A farmer’s field, about 35 miles southwest of Copenhagen has attracted no attention for centuries. When the Danish government created super precise maps in 2009, the ripples of land in rural Vallø became version interesting indeed.
“We knew there was something out there, but we thought it was Iron Age, 800 years before the Vikings, so nobody was interested in it,”
– Nanna Holm, curator of the Danish Castle Center.
Holm was the first to notice that the new topographical maps matched an outline of a Viking fortress. The maps were issued in 2012, and originally meant to identify areas at increased risk of flooding.
Holm’s identification of the massive 475-foot fortress was confirmed after a partial excavation last summer. The fortress is perfect circular, with four entry points lined up exactly to the four compass points; a style that is uniquely Danish Viking and known as Trelleborg.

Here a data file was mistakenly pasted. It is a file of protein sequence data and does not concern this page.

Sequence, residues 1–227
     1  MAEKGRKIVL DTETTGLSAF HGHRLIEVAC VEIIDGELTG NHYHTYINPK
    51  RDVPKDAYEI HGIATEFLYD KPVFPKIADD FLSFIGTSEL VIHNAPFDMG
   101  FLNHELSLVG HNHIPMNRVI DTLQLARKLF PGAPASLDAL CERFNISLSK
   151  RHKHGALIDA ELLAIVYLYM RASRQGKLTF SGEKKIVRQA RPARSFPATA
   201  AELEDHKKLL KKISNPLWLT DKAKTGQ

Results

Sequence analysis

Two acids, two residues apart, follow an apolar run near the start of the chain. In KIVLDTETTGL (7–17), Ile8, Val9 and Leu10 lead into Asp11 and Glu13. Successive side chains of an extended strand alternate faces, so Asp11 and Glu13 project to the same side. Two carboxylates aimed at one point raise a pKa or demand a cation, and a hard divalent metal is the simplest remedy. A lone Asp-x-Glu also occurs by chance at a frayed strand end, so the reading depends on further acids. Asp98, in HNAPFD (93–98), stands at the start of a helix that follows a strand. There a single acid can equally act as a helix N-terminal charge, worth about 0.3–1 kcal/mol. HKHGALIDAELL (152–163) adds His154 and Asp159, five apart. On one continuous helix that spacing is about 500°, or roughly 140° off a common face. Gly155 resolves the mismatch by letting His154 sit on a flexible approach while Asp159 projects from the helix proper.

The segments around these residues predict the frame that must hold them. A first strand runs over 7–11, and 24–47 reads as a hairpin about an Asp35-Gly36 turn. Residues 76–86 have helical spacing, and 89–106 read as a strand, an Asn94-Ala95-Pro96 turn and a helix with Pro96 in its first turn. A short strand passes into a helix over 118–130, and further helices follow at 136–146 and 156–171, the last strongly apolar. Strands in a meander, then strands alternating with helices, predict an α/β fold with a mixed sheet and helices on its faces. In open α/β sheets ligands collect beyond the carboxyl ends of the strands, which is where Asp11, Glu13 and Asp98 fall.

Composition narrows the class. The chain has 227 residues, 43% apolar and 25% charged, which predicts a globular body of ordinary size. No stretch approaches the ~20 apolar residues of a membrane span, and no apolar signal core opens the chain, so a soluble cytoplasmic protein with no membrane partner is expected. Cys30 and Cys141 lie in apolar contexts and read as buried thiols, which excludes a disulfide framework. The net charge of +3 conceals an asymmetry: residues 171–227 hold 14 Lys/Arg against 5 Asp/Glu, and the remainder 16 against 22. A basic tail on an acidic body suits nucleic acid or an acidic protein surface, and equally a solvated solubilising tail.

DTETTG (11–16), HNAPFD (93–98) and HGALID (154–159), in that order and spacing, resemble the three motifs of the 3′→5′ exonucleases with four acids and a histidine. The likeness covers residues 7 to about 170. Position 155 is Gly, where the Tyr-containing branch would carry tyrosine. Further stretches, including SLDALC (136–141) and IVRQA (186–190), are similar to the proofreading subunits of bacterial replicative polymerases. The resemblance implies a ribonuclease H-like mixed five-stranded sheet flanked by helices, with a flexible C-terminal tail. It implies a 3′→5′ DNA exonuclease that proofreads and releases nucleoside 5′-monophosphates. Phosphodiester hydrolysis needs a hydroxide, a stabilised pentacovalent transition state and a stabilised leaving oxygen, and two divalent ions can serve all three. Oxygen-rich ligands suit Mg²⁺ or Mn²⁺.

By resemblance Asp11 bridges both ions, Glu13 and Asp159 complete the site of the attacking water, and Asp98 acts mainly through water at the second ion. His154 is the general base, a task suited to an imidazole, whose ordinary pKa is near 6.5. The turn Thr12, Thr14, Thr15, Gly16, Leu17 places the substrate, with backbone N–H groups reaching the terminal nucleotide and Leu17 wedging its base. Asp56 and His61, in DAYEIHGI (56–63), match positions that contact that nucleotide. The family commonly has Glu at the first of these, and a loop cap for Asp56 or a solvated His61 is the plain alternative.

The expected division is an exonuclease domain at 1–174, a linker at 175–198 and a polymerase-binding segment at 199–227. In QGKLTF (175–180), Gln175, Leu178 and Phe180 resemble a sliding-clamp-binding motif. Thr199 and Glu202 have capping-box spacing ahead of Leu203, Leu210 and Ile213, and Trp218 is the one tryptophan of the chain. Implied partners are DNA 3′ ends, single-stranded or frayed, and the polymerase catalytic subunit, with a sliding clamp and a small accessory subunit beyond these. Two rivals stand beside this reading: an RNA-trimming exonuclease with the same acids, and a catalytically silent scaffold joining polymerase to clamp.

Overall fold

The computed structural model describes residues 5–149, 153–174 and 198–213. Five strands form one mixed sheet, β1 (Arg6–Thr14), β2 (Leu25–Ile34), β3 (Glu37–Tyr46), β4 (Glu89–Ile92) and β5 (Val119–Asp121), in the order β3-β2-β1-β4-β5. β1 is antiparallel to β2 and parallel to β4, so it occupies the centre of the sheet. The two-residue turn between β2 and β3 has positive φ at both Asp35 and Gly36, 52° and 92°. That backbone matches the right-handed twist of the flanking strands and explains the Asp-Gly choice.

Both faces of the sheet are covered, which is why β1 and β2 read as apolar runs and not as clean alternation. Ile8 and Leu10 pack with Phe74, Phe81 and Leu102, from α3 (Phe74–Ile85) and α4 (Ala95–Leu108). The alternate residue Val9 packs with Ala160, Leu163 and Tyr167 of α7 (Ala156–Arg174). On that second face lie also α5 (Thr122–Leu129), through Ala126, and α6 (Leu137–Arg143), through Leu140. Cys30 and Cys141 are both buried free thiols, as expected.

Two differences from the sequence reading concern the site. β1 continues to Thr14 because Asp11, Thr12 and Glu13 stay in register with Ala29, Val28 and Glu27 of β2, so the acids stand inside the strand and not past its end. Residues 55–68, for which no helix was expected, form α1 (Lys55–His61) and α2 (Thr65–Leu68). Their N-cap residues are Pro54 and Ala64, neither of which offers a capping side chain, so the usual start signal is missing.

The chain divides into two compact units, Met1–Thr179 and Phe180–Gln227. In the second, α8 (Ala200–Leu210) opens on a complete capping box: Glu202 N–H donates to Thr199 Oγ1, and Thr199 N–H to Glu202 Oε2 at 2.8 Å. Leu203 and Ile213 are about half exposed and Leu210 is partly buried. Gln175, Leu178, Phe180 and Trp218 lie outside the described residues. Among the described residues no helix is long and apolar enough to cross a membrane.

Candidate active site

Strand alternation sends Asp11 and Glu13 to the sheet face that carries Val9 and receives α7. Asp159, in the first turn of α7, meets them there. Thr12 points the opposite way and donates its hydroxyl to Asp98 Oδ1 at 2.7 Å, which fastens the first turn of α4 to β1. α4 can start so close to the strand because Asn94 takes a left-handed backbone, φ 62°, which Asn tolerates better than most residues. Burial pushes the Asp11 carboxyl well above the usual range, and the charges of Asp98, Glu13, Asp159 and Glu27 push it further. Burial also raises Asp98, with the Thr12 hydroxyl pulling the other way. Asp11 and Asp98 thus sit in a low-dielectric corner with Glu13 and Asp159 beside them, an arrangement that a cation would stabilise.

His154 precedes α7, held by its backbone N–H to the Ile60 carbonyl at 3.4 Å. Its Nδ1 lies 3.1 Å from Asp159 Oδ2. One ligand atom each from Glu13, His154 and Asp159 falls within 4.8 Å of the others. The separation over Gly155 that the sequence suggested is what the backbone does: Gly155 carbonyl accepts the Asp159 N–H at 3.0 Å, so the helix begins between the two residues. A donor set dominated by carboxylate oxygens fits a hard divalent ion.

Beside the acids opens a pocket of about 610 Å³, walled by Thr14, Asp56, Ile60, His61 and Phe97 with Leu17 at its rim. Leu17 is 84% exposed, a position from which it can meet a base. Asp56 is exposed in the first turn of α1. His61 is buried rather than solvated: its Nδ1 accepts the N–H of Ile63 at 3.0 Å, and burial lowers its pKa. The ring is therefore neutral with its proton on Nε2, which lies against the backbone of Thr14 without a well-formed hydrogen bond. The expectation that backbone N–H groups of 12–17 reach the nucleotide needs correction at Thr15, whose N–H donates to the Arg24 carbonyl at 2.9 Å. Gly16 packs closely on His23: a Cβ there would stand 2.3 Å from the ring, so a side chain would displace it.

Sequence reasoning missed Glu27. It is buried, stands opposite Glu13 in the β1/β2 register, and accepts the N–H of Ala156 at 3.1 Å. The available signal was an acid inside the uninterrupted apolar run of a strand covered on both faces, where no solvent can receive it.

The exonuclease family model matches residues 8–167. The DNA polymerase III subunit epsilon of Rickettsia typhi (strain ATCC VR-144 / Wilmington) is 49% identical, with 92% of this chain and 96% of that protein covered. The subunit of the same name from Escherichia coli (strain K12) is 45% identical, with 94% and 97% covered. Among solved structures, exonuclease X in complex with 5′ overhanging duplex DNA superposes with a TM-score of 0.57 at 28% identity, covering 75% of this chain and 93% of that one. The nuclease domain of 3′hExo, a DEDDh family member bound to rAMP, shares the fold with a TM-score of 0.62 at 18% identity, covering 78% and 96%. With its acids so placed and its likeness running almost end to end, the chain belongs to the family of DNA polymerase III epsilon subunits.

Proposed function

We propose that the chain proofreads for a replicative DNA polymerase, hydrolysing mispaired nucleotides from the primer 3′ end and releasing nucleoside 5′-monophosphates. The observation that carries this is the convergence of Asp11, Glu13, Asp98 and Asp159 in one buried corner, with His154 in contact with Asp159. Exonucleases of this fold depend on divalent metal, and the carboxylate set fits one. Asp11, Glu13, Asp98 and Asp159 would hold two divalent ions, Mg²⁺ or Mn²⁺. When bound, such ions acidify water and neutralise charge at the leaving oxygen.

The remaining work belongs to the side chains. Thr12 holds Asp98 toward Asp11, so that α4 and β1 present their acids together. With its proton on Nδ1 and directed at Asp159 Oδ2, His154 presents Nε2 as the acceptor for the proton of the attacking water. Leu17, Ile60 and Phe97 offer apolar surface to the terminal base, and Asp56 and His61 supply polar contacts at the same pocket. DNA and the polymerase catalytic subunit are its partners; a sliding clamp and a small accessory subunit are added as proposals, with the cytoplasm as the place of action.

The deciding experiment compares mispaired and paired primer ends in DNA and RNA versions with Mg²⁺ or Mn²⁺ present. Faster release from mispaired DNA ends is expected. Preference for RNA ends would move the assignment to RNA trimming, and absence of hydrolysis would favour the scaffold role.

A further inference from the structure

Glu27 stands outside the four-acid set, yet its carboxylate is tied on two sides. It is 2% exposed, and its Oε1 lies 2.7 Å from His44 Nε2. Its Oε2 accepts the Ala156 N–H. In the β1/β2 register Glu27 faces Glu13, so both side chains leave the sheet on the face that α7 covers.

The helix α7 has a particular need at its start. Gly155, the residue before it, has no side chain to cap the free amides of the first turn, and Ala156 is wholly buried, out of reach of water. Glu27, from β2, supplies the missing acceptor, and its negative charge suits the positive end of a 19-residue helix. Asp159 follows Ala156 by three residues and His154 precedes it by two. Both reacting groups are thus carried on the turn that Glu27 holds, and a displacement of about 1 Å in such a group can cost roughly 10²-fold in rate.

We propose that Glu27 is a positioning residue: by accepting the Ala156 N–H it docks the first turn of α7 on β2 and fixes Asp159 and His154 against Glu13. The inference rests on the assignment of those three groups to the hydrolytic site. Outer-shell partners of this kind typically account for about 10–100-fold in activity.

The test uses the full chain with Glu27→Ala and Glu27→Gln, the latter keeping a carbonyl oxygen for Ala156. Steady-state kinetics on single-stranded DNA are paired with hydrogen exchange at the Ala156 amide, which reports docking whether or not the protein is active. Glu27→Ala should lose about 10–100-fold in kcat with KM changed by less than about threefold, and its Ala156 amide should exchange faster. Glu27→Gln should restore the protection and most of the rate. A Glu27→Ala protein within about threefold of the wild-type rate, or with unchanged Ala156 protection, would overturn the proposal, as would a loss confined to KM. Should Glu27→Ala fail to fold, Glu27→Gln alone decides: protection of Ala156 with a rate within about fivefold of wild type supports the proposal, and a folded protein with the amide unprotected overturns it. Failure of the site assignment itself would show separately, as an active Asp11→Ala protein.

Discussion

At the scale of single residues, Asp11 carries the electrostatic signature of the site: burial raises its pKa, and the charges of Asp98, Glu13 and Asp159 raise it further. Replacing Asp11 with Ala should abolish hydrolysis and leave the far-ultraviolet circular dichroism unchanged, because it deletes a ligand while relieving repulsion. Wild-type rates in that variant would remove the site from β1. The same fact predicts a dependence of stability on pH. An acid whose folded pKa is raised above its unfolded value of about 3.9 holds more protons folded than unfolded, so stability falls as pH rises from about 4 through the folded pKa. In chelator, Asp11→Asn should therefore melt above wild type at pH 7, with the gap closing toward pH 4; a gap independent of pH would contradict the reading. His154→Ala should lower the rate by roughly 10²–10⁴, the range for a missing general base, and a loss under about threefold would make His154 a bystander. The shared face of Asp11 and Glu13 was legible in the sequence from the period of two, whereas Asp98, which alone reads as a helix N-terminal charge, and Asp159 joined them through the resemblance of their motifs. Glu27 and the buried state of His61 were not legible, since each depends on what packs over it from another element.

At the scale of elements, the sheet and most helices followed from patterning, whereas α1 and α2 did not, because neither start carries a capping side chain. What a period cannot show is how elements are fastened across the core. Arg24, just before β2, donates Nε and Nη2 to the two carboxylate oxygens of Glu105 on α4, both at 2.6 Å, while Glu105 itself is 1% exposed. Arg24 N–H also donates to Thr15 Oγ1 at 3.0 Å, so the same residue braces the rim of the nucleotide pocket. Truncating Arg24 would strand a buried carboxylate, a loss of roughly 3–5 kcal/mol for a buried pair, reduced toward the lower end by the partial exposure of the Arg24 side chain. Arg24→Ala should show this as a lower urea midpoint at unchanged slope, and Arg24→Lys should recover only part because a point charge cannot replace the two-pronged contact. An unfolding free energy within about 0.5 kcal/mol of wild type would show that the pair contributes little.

It’s the first new Viking fortress discovered in more than 60 years.
Researchers dated the fortress to 10th Century AD, putting it under the reign of the first king of a united Denmark, King Harald Bluetooth.
“New technologies mean new possibilities to answer old questions…Something happened during Harald’s reign that created Denmark. We don’t know how the state was created, but this fortress may help us answer that….”
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